He crossed the street and stepped down from board to sand. He inhaled the saline air. As a kid, he’d lived for shore summers. All North Jersey kids had. He and his friends would talk about it daily in school, they’d count down the days, place bets to see who could make their family leave early. When they were young, they’d trade baseball cards and when they got older, they’d trade girls. They’d set off fireworks in their backyards: Roman candles and red devils and flying saucers and moon travelers. They’d ride bikes to the beach, sneak into the Stone Pony and stand so close to Springsteen they could feel the heat of his breath.
They never imagined there would be a time when they’d grow up, when they’d prioritize anything over summer, when they’d gain weight and lose their hair, when they’d find wives to fight with and have children that talked to them in ways their parents would have never forgiven. If he’d told his father to leave him alone, that he was sick of being told what to do, his dad would have picked up a coat hanger and a belt and asked him to choose.
But life wasn’t like that anymore. It was full of mess, full of grey areas, law suits, harassment, and narcissism. It was coddling 20-year olds. It was cancer at 52. It was wasting your life with a woman you despised. It was driving yourself to the beach but being too sick to know what to do when you got there.
Glen sat his bony ass in the sand of his childhood and rubbed the weight of his eyes. He thought about Jeanne. Jeanne from forever ago, Jeanne with her three crazy older brothers, Jeanne with sea glass eyes and a deep, guttural laugh. Jeanne who he could still smell, still taste when he searched his mind.
He’d met her flipping burgers at Mrs. Jay’s. She’d been walking on the boardwalk, asked him for a light. He gave her a match, asked where she was from. She was a local. A week later, he kissed her. A month later, they had sex. His first time.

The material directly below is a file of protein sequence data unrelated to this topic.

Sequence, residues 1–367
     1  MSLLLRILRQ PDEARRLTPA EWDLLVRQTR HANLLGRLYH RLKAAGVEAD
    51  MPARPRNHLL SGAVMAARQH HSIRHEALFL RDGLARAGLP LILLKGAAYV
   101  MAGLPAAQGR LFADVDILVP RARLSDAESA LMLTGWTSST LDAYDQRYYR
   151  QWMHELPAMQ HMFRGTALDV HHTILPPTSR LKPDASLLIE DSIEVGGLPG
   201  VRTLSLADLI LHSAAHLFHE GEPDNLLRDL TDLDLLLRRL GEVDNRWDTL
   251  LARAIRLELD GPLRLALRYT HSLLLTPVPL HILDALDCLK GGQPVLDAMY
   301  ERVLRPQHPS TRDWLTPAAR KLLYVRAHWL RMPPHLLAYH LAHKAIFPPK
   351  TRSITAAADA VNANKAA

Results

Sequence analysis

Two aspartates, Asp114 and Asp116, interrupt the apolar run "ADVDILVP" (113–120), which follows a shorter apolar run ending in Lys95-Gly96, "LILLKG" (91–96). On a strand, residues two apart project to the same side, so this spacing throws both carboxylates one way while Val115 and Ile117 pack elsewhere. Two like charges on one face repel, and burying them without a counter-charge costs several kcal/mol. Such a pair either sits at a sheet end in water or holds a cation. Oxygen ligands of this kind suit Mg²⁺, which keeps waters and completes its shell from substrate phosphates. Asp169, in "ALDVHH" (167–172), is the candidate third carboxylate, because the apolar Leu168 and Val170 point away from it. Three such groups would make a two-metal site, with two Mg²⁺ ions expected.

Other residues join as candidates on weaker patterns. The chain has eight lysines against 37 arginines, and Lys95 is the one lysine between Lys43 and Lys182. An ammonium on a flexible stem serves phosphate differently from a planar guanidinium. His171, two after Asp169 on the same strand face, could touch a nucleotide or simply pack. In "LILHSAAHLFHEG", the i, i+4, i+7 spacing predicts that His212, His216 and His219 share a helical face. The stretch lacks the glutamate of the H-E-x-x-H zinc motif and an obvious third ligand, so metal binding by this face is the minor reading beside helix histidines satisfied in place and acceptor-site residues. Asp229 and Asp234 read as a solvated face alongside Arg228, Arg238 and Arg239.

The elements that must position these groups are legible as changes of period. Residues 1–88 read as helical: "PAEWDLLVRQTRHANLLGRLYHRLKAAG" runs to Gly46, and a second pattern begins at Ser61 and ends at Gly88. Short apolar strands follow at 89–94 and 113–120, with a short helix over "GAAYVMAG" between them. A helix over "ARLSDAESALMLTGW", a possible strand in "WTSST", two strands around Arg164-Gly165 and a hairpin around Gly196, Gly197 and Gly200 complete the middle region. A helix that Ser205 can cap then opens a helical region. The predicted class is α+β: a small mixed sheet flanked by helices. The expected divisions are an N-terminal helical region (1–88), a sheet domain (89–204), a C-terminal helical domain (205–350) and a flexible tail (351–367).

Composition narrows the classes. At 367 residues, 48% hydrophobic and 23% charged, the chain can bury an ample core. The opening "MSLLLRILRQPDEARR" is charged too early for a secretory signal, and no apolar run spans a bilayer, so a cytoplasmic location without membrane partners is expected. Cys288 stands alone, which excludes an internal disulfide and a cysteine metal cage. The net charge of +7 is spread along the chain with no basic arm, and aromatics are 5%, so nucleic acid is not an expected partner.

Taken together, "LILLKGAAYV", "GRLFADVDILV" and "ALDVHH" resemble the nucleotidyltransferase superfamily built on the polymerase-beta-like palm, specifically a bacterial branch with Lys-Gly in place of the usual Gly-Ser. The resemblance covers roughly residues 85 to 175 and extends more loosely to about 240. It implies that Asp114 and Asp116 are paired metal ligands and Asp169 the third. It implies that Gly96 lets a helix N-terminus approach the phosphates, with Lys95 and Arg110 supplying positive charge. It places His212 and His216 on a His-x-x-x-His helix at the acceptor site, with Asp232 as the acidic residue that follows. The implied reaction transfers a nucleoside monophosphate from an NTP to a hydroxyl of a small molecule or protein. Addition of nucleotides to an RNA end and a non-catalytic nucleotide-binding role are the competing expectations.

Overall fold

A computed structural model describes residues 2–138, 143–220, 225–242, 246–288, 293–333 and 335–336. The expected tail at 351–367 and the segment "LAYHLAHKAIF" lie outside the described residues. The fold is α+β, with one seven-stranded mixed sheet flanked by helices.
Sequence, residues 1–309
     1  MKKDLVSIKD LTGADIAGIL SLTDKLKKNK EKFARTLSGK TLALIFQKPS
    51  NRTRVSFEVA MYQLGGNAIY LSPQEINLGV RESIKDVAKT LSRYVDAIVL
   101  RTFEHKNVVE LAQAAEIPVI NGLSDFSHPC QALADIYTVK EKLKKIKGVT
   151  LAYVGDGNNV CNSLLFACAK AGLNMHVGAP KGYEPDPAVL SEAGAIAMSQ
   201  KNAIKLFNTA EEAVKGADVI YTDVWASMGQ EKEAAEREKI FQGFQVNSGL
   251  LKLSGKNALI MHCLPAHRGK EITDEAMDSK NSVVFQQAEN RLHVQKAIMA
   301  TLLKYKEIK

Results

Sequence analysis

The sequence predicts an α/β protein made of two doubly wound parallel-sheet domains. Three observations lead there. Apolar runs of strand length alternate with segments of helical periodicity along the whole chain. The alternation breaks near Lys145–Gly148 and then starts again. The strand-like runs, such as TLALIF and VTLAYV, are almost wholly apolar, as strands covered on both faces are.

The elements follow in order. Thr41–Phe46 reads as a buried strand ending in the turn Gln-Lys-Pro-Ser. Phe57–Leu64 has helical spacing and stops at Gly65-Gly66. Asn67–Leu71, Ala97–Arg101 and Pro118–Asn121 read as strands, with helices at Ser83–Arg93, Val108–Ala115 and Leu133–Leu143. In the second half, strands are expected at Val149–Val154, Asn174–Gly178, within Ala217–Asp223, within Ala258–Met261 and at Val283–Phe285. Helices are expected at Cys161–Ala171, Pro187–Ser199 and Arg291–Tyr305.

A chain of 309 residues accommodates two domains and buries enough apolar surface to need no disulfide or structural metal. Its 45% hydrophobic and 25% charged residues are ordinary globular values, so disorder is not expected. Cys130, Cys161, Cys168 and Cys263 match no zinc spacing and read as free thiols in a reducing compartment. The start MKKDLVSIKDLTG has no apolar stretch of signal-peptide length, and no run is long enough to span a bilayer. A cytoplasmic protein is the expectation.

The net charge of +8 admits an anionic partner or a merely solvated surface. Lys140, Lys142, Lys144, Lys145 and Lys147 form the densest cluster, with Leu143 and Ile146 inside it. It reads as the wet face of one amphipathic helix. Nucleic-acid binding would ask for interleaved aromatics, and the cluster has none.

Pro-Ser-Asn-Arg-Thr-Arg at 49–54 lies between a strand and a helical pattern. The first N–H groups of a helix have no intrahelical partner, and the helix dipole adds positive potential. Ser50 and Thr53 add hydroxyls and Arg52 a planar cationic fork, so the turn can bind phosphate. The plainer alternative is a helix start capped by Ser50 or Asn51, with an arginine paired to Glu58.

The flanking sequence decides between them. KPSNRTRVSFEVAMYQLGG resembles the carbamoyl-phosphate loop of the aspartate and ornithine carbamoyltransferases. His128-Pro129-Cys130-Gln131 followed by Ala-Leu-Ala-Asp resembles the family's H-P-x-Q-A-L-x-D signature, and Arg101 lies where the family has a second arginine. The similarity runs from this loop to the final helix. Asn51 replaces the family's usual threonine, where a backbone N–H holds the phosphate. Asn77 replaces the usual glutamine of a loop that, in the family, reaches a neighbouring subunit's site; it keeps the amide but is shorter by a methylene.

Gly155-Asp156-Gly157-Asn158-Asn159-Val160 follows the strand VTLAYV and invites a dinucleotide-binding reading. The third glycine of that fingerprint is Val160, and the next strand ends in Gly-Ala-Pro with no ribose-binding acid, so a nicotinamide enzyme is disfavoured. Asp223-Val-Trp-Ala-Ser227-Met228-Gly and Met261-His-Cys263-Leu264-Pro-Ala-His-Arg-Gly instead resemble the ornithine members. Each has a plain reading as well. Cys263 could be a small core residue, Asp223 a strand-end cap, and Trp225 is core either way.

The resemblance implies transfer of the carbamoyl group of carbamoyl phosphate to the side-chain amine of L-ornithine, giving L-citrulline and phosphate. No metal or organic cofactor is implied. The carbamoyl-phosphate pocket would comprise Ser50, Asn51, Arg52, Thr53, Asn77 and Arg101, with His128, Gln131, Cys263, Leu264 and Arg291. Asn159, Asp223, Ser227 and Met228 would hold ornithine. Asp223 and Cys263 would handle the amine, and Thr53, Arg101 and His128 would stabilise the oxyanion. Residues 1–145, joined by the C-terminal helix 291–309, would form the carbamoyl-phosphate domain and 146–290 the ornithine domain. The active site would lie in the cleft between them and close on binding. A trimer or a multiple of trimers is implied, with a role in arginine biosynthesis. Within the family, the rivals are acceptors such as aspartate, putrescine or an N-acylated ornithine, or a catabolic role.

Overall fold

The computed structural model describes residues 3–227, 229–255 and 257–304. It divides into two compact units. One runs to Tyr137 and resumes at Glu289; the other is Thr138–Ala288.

It was cliché, as cliché as summer romances can be, but there were things about it that made it real: the stretch marks lining her overflowing breasts, how she used to undress in the dark to prevent him from seeing them, how all he wanted was to see them, the uncomfortable reality of beach sex (he always preferred the couch in her basement to the sand and filth invading his ass crack), how when she told him she wanted to be with him, didn’t care that he was leaving, that they’d write and call and make promises to each other, he couldn’t commit. He told her it was just for the summer, that type of thing, nothing serious, nothing worth holding onto, and, of course, she’d screamed and threatened and called him an asshole and a creep and asked him why and it’s not fair and egged his car and slept with his friend and did everything she could to hurt him in the way she’d been hurt.
Now, Glen, dying from cancer, sharp ass on flat sand, time ticking, ticking, ticking, felt like the biggest moron in the world. He’d married a woman out of fear, the same fear that prevented him from committing to Jeanne, the fear that he’d be miserable and alone if he didn’t marry, when just a few years earlier it was the fear that he’d be miserable and alone if he committed to someone from somewhere else.
Glen often convinced himself that dying was getting in the way of his judgment. He didn’t know if he wanted Jeanne, or if he ever really wanted her. Maybe she was just all of those things in life he never got to experience, maybe she was all those things he experienced but would never get to relive, or maybe he was just dying and desperate for anything, whether it be truth or fabrication, that made him feel like there was still blood coursing through his tired veins.